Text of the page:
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Loyola, Juan Samuel Ismael A.

Maria Lachica v Gregorio Araneta Inc.


August 19, 1949
Paredes, J.
Petition: Appeal
Parties:
Maria Lachica - plaintiffs-appellees
Gregorio Araneta - defendants-appellants
.
Gregorio Araneta, Inc. (through President Jose Araneta) offered for sale a parcel of land with the
improvements thereon. This property was bought by Investment Corporation through Maria Lachica, the
wife of the Esteban Sadang who was sales agent of defendant corporation.
The terms of the contract stated that the price was P20,000, of which P8,000 was to be paid in cash and the
balance of P12,000 in installments of
P 1,000 on or before December 31, 1943
P 1,000 on or before December 31, 1944
P 10,000 on or before December 31, 1945.
What the parties signed was a contract of exact content as stated, which however omitted the words or
before. Thus, it would appear that the payment of the installments would be on and not on or before the
dates as specified.
The contract further added that this same property will be mortgaged to us to guarantee the unpaid balance,
and the same will bear an interest of 8 percent per annum; said interest to be paid monthly in advance.
The terms were complied with, together with some resolved differences, until on Sept. 5, 1944, plaintiff
Sadang went to see Araneta to pay the entire balance, including the interest thereon and ask for the
cancellation of the mortgage, but Araneta refused to accept the tender of payment. Araneta gave as his reason
for his non-acceptance that such payment was not in accordance with the terms of the deed of sale with
mortgage.
Plaintiff, through counsel, deposited the sum (balance) supposed to be paid to Araneta with the CFI of
Manila by way of consignation, and at the same time presented the complaint.
The defendant alleges that payment should be on the date specified, not before; the plaintiffs claim that such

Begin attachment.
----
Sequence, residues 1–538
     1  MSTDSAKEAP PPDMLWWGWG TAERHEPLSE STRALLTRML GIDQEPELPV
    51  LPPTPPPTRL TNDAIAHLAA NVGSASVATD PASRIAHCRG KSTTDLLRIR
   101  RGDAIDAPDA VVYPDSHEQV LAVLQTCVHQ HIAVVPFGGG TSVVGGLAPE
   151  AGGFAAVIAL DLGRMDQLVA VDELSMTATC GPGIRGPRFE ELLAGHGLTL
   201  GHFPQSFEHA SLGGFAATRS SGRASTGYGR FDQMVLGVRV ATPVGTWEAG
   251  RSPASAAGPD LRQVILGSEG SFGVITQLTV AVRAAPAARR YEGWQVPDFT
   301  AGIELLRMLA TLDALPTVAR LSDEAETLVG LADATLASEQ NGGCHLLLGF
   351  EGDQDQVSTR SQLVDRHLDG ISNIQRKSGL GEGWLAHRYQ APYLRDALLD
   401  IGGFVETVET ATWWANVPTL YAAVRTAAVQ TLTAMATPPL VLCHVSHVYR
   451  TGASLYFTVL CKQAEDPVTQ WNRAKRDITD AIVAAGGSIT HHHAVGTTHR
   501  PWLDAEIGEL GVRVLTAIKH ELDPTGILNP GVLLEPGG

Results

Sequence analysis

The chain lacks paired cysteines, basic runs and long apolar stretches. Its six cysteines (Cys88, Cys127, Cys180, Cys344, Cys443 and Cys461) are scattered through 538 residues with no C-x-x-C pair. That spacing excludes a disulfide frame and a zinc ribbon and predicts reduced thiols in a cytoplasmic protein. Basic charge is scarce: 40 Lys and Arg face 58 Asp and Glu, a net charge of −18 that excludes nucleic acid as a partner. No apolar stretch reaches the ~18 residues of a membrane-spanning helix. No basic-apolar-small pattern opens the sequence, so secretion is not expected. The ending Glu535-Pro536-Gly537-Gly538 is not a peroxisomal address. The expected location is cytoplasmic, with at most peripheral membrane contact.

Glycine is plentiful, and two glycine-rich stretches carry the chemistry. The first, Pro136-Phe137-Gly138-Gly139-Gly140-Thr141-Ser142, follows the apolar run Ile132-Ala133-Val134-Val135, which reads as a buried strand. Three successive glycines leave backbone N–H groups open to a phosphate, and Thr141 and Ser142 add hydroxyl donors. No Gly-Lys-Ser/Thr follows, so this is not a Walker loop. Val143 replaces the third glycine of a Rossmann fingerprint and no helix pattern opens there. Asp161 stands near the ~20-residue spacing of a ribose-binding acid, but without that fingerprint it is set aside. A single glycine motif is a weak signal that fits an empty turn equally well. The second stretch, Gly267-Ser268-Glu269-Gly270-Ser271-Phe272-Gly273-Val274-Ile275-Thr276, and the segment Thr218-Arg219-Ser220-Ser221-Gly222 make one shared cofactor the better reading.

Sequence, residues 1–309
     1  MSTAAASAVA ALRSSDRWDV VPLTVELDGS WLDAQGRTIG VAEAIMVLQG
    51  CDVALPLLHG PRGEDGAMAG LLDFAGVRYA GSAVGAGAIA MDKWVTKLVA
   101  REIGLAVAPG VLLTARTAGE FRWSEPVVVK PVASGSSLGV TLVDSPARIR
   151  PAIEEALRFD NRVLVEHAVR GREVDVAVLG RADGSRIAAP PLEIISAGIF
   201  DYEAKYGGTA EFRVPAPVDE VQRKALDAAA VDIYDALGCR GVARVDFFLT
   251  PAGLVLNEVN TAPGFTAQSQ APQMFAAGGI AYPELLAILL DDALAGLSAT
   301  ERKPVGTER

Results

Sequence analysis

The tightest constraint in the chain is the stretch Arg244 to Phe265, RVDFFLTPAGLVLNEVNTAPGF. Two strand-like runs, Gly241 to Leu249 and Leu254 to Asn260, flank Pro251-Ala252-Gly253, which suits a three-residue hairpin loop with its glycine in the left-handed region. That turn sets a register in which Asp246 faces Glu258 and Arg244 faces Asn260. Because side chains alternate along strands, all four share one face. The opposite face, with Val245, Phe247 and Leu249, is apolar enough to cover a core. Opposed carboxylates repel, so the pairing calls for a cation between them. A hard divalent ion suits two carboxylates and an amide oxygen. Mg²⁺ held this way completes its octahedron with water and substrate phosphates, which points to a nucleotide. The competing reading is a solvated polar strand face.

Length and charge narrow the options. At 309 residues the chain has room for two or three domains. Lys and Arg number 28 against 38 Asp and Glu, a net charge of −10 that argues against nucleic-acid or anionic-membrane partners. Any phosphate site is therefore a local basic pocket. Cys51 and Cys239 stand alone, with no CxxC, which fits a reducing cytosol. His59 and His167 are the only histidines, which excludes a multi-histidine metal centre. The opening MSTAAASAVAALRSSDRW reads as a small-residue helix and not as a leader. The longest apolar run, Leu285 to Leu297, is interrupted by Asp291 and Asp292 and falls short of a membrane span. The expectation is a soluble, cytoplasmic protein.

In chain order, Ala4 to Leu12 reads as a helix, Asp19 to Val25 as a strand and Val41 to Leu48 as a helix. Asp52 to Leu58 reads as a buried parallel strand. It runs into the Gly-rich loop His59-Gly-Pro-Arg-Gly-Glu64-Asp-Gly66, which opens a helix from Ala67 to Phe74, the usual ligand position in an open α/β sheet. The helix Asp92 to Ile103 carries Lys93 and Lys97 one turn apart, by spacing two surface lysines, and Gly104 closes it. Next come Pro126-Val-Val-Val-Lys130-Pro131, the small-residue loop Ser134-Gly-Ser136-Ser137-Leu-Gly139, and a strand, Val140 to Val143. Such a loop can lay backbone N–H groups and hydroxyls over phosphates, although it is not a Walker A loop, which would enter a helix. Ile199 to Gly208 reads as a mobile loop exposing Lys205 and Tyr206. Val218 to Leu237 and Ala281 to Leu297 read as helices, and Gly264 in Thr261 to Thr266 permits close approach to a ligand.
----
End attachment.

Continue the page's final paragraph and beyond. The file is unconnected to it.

payment may be made on or before the date specified.
Issue:
(1) Whether or not Araneta Inc. should be compelled to accept the payment.
Ruling:
Yes. The contract does not prohibit if it is done before (p.5706, no. 2). A term is fixed and it is presumed to
have been established for the benefit of the creditor as sell as that of the debtor, unless from its tenor or from
other circumstances it should appear that the terms as established for the benefit of one or the other. (Art.
1127, now 1196 Civil Code). And the contract specifically provides that these periods of payment have been
agreed for the benefit of the vendor and the vendee. Such mutual benefit has been interpreted to consist of
the time granted a debtor to find means to comply with his obligation, and the fruits, such as interest,
accruing to the creditor.
From the SC decision in Villaseor vs. Javellana, the only impediment to a debtor making payment before
the term fixed, is the denial to the creditor of the benefits, such as interests, accruing to the later by reason of

Loyola, Juan Samuel Ismael A.


the fixed term. This, coupled with the fact that the contract did not prohibit payment before the fixed date,
justifies the conclusion that under the terms signed, plaintiffs could do so. To hold otherwise, would be
virtually compelling an obligor to assume an obligation later when he offers to, and could very well, discharge
it earlier. The law should not be interpreted as to compel a debtor to remain so, when he is in a position to
release himself.
Further, the acceleration clause in the contract signed by the parties state that in the event of defaults in
payment of any amount due, either for capital or interest, the whole balance shall automatically become due
and payable, and the vendor shall have the right to foreclose the mortgage in its entirety. While the clause is
standard one contained in most mortgage deeds where the mortgage loan is payable in several installments,
still we cannot escape the conclusion, derived from the clause itself, that payments may be made by the
vendee before the dates stated in the contract .